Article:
Driving enterprise development through partnership | Old Mutual
The Old Mutual Foundation is committed to driving transformation through effective socioeconomic development initiatives and the integration of marginalised South Africans into the mainstream economy. Beyond simply providing funding, the Foundation is determined to create positive and sustainable impact.
A focus on enterprise development
The Foundation funds and provides ongoing support to black-owned businesses that have high potential for job creation. A strategic shift in 2014 enabled the Foundation to have greater developmental impact, by funding qualifying for-profit entities directly. Since then, the Foundation has spent R28.6 million on enterprise development (ED) projects.
The ED portfolio focuses on the development of SMMEs in the agriculture, manufacturing and commercial sectors. Its primary goals are to fund enterprises that will create sustainable jobs, benefit a broad group of black beneficiaries, and develop rural, peri-urban and township communities.
The Foundation provides funding in the form of working capital and asset finance, both to start-ups and to existing businesses that are expanding or restructuring. Businesses must be at least 51% black-owned and preference is given to women, youth (18–35 years) and people with disabilities.
Strength through partnership: a hybrid funding model
The ED strategy is a shared initiative. A hybrid funding approach combines grant funding from the Foundation and loan funding from the Masisizane Fund, the Foundation’s primary funding partner in this space.
This model allows both the Foundation and the Fund to maximise the impact of their investments, and to increase access to finance and development support to SMMEs operating in target sectors. The grant funding provided by the Foundation creates a crucial buffer for supported entrepreneurs, de-leveraging their businesses. It also avoids the risk of a business being underfunded from the start, by a loan that is too small for the business’s requirements.
This type of approach does have challenges. Various funders means disjointed funding approval processes and dates. There can also be difficulties when co-managing a project. Still new to this space, the Foundation is in the process of establishing which processes work best.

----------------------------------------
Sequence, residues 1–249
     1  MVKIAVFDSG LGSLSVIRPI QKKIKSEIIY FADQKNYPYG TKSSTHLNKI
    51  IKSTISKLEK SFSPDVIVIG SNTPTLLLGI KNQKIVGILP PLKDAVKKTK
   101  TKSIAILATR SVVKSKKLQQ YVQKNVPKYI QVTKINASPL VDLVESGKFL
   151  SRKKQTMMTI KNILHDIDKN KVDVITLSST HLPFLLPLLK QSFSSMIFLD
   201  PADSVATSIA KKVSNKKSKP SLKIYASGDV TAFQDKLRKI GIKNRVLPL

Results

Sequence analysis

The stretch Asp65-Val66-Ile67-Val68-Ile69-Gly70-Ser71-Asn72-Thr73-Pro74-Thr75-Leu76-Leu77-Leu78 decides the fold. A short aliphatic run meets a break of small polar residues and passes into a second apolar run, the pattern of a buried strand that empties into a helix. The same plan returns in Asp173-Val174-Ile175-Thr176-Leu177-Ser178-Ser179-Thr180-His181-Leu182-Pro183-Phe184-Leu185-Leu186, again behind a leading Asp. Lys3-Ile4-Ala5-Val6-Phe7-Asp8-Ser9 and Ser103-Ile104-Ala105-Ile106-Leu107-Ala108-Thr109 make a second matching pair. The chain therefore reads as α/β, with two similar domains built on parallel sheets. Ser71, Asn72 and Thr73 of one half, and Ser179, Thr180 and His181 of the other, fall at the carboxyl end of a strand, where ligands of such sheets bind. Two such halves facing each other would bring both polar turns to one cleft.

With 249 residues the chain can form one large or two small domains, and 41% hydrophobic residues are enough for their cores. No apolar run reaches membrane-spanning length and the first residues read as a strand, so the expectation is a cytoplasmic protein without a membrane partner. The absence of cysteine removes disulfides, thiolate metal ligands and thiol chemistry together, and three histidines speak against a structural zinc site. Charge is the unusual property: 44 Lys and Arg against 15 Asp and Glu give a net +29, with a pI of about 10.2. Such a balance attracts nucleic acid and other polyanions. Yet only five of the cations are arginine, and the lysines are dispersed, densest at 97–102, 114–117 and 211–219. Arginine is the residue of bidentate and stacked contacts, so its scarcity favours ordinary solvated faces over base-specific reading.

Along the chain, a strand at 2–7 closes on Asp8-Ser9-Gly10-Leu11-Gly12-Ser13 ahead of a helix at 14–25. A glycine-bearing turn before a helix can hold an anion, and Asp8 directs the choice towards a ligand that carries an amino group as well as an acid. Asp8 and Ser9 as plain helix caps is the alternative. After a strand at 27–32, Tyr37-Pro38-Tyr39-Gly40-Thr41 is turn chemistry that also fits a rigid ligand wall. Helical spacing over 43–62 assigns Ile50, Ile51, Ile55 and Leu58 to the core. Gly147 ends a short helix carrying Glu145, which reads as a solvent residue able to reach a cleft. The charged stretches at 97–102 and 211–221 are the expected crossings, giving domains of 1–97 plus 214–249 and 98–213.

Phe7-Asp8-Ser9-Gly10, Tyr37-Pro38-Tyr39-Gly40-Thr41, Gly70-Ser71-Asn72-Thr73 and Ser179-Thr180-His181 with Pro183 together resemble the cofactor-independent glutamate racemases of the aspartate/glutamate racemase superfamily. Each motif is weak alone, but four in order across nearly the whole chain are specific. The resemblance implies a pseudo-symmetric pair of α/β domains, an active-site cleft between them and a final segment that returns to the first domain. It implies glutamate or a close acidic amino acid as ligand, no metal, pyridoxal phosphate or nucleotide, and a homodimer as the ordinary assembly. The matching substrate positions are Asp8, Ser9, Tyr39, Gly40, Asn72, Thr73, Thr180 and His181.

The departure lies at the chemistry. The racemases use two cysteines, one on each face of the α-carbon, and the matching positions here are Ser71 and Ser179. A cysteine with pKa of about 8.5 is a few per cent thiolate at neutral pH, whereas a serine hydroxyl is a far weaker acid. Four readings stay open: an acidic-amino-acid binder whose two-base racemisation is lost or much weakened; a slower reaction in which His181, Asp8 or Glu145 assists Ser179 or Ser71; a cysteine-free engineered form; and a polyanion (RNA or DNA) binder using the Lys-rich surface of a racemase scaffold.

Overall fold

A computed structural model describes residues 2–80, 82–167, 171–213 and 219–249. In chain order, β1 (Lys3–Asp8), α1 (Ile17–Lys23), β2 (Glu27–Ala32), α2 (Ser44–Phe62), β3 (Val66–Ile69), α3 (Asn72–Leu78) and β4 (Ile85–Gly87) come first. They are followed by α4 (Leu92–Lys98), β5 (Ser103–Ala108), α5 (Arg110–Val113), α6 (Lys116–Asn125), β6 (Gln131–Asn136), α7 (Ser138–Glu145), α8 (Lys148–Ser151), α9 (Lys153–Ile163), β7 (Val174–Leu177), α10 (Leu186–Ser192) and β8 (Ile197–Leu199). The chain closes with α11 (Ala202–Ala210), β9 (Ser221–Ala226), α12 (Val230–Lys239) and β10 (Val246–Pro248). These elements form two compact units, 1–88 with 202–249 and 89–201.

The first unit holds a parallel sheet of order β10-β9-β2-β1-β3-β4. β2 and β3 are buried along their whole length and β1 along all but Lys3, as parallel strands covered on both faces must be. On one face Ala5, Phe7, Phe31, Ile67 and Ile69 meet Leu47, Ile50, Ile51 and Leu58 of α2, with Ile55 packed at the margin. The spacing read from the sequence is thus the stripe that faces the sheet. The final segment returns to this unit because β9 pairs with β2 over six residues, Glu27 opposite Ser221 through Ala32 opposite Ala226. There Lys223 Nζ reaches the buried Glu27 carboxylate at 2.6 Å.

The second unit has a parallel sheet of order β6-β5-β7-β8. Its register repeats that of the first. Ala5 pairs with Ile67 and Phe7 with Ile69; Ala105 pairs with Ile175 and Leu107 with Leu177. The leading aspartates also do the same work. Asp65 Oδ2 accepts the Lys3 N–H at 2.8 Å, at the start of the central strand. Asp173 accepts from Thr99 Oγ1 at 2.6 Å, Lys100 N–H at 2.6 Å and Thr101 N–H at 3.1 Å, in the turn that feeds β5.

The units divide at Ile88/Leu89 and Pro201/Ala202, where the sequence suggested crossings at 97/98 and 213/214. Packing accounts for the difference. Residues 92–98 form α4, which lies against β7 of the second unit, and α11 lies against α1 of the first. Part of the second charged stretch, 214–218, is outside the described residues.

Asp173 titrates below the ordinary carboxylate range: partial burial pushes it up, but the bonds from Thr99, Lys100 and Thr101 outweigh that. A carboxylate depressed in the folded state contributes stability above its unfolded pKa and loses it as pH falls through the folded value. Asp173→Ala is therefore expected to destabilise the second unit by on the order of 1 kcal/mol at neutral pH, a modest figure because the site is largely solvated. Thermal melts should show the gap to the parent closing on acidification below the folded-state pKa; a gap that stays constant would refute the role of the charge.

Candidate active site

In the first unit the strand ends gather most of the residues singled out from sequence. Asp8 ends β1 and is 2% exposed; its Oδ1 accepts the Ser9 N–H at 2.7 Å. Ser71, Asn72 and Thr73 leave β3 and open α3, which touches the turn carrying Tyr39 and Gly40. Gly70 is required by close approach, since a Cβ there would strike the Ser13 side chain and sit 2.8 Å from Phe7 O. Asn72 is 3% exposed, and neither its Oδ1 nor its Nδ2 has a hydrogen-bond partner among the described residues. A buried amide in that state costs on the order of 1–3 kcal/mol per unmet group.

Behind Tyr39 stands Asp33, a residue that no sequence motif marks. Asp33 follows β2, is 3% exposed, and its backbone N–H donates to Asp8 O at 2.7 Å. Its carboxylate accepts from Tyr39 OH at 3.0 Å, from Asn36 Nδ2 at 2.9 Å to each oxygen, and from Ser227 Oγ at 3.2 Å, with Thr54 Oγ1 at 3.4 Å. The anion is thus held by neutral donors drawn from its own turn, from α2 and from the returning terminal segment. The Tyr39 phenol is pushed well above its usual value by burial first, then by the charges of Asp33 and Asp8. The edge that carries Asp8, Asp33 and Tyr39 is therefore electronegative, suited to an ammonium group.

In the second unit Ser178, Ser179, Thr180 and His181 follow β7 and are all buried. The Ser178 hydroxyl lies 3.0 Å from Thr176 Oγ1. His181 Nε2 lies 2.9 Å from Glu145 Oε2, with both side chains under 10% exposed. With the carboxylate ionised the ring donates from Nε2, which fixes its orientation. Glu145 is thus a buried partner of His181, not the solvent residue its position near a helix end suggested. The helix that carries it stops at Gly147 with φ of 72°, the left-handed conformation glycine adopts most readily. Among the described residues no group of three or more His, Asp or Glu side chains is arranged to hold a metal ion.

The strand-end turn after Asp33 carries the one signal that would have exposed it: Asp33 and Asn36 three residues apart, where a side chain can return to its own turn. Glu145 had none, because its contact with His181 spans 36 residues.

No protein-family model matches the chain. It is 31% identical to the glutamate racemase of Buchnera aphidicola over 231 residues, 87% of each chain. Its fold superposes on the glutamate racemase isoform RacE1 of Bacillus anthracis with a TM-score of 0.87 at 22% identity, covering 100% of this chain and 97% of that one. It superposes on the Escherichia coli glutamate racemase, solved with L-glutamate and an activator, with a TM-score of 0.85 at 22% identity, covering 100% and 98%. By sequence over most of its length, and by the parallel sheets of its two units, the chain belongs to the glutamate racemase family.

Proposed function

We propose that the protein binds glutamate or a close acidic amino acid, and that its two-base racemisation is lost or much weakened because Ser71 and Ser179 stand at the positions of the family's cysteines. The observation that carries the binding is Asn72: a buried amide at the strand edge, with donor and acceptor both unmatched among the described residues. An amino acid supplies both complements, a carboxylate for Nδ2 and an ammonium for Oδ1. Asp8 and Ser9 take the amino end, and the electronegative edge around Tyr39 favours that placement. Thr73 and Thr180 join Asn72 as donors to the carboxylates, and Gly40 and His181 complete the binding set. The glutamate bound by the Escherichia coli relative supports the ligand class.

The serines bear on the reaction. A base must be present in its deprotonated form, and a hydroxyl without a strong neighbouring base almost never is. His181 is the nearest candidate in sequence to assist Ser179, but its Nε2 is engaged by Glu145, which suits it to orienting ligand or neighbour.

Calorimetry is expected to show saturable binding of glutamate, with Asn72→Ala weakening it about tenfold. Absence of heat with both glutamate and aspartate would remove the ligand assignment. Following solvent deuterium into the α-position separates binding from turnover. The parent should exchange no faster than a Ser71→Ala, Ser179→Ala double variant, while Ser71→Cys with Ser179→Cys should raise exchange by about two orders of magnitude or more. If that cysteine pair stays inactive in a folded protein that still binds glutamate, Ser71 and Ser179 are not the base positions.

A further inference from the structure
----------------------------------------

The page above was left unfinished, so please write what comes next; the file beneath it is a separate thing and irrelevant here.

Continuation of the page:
There are, however, also many advantages. It enables the partners to leverage resources, such as finance and technical expertise, attracts diverse thinking and enables sharing of experiences and lessons learnt. The Foundation, in particular, is benefiting from the Fund’s years of experience in the ED space.
A role beyond funding
To ensure the effective use of the grant and loan funding approved for projects, and the achievement of business objectives, the Foundation and the Fund provide business mentorship and training to all supported businesses.
Entrepreneurs are often new and inexperienced, and, while their technical skills are good, often lack broader financial and business management skills. As a result, a degree of ‘hand holding’ is crucial for ensuring the success of their businesses.
The Fund has a dedicated unit that works with these entrepreneurs to understand each enterprise’s characteristics, needs and challenges and identify where there is room for capacity building. The Fund offers mentorship, training and upskilling in business management, aligning in-house and external technical experts to the needs of each enterprise. For example, the Masisizane Fund provided a business mentor to work with the founder of Incapeace on business management and strategy building.
“We understand ‘development finance’ in the very broadest sense of the term. We view ourselves not simply as bankers to our clients, but as their partners.”
Khanya Okumu (Post-investment Associate: Manufacturing and Supply Chain, Masisizane Fund)
Often, in the first few years of a business’s operations, the actual capital requirement fluctuates from what was initially predicted, and things generally do not go as planned. This is particularly true in the agriculture sector. Grant funding enables the supported businesses to withstand unexpected challenges, where a straight loan facility would be far less flexible.
For example, Incapeace started producing its bricks in winter. The cold weather meant that the bricks did not dry as quickly as had been calculated and the business did not have sufficient drying pallets to accommodate the backlog. As a result, the entire production line was slowed.
The Fund and the Foundation have also both learnt that a good working relationship and regular contact are critical. It is important to keep abreast of how each business is performing. That way, the entrepreneurs feel comfortable asking for assistance to address difficulties as they arise.
Regular contact also enables the Fund to obtain information that allows it to better measure the broad-based impact of its investments, although this can be difficult, particularly in rural areas. This has the added advantage of demonstrating to the entrepreneurs the importance of record-keeping in their own businesses.
The Foundation is still finding its feet in the ED space, but it is proud of the impact from its investments with the Masisizane Fund. The partners are now working towards more effective monitoring and evaluation methods – to ensure that the impact and beneficiation of the investments are sufficiently broad based – and towards encouraging the supported enterprises themselves to become community-focused, responsible businesses.
Business in Society Handbook, 2016